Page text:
“Strip it Down” Luke Bryan Written by Luke Bryan, Ross Copperman and Jon Nite How many ways are there to say that a song doesn’t sound remotely country? I wish I knew of a few more, because I’ve been having to make this most common criticism for so long now that I feel like there is no new or creative way to say it anymore.
“Somewhere Tonight” James Otto Written by Patrick Russell Davis, Corey Crowder and James Slater James Otto’s name and voice will likely be familiar to anyone who was listening to country radio in the latter half of 2007, but hearing his new single “Somewhere Tonight”, one wouldn’t even know that it was the same artist who once rode the airwaves with the soulful, organic “Just Got Started Lovin’ You.”
“Ain’t No Trucks in Texas” Ronnie Dunn Written by Tony Martin, Wendell Mobley and Neil Thrasher With Texas as its central point, Dunn takes a pass at expressing his indifference toward an ex by using anti-factual details of common Texas tropes. “There ain’t no trucks in Texas/ No football in the south.”, all of which illustrates that, in fact, he is not indifferent to the break up after all.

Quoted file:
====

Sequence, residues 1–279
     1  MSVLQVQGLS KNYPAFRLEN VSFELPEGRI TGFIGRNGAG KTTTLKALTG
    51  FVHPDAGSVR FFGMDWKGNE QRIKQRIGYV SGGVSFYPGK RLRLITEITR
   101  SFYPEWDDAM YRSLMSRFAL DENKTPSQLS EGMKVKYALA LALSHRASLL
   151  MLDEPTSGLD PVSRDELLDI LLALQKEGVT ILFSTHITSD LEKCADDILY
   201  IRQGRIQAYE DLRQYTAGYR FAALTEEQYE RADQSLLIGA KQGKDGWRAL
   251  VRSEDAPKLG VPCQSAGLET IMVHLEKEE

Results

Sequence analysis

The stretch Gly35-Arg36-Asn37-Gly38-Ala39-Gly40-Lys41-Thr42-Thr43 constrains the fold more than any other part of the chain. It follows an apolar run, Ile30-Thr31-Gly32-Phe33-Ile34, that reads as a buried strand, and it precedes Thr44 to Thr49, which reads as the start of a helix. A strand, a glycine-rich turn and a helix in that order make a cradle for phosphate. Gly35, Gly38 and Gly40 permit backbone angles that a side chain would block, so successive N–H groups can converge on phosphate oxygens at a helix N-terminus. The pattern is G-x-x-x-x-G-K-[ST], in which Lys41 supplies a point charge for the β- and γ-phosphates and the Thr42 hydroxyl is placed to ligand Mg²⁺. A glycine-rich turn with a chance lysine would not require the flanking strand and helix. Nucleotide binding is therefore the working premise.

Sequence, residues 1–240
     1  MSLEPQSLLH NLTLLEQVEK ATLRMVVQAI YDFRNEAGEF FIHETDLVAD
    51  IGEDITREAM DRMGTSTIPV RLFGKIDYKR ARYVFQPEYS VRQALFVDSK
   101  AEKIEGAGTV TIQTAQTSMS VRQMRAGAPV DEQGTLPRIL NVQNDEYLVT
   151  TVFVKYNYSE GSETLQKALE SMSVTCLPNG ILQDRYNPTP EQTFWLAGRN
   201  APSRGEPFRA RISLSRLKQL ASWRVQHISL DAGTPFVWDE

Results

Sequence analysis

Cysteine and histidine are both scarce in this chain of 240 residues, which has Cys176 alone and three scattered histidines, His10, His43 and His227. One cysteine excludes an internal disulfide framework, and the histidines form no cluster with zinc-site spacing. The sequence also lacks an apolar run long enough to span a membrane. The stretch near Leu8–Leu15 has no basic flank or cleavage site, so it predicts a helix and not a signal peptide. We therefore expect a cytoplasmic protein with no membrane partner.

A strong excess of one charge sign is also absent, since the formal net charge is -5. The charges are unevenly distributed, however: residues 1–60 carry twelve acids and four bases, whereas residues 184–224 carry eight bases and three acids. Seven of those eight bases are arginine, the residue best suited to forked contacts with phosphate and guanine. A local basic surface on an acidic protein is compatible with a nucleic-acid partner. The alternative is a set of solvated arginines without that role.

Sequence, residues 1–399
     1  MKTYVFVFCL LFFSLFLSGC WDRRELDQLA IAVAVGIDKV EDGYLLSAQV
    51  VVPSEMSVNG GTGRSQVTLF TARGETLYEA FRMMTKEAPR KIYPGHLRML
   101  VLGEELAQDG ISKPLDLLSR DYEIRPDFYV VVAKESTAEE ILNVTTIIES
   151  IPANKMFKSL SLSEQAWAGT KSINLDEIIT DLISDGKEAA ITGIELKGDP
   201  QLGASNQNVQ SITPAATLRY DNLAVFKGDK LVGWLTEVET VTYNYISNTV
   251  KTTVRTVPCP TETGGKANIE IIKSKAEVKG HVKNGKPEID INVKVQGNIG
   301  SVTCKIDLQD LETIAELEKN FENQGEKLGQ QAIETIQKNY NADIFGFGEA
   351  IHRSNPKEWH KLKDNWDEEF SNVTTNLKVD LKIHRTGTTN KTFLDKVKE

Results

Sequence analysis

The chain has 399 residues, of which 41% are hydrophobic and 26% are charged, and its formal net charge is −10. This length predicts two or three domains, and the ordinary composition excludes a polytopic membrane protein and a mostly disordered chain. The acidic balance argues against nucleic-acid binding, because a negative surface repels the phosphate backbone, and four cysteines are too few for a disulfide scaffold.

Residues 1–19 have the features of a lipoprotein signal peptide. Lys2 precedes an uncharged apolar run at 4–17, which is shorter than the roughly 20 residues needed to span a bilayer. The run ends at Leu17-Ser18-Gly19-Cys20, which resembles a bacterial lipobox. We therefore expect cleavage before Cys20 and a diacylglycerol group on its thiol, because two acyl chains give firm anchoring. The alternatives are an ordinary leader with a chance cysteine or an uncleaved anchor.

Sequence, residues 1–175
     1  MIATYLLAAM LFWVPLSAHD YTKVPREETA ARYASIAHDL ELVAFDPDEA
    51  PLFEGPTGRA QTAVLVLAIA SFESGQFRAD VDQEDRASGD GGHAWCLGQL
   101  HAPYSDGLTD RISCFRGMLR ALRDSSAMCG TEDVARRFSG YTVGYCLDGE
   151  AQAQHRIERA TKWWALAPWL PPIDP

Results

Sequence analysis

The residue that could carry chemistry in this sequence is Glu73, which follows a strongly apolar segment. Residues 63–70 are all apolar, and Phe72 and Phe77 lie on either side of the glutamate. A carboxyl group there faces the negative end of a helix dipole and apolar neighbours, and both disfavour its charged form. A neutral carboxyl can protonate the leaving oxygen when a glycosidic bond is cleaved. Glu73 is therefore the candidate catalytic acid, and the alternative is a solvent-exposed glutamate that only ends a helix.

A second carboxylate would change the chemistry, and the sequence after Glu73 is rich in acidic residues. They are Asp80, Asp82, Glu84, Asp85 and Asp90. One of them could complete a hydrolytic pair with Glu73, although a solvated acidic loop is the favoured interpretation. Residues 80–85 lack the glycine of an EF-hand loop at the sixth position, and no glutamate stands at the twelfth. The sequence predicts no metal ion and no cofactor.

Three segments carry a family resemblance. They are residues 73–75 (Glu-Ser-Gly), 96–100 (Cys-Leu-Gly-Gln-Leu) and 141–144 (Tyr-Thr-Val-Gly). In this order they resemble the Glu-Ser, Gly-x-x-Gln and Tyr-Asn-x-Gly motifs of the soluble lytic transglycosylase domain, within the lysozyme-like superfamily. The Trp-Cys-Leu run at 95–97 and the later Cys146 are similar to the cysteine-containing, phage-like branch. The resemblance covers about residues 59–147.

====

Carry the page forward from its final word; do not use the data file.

“Gonna” Blake Shelton Written by Luke Laird and Craig Wiseman “Gonna” is a mix of the old and the more recent Blake Shelton. It has shades of his current music trends, but also calls back to his more relaxed country beginnings. First, it seems that it couldn’t be a Blake Shelton song these days if there wasn’t at least a little EDM influence thrown in. Fortunately, it only starts there and then moves away fairly quickly, which allows the song to become a pleasant pop country ear worm.
“Sugar” Jennifer Nettles Written by Brandy Clark, Jessie Jo Dillon, and Jennifer Nettles A remarkable performance elevates an unremarkable song. If “Sugar” given a perfunctory performance by a lesser vocalist, I might not enjoy it at all. It’s a bit fluffy, especially for a Brandy Clark co-write. The chorus is a tad repetitive, and I’m tempted to poke a stick at its use of the “sugar and spice and everything nice” cliché.
“Smokin’ and Drinkin’” Miranda Lambert with Little Big Town Written by Natalie Hemby, Luke Laird, and Shane McAnally Despite its title, Miranda Lambert’s “Smokin’ And Drinkin’” is not a rousing drinking party anthem. Instead, it is a quiet, wistful look back at the past. With vocal support from Little Big Town, Lambert sounds like their lead, though modest, singer as they wax nostalgic about how “smokin’ and drinkin’ gets you thinkin’ about the one that got away.”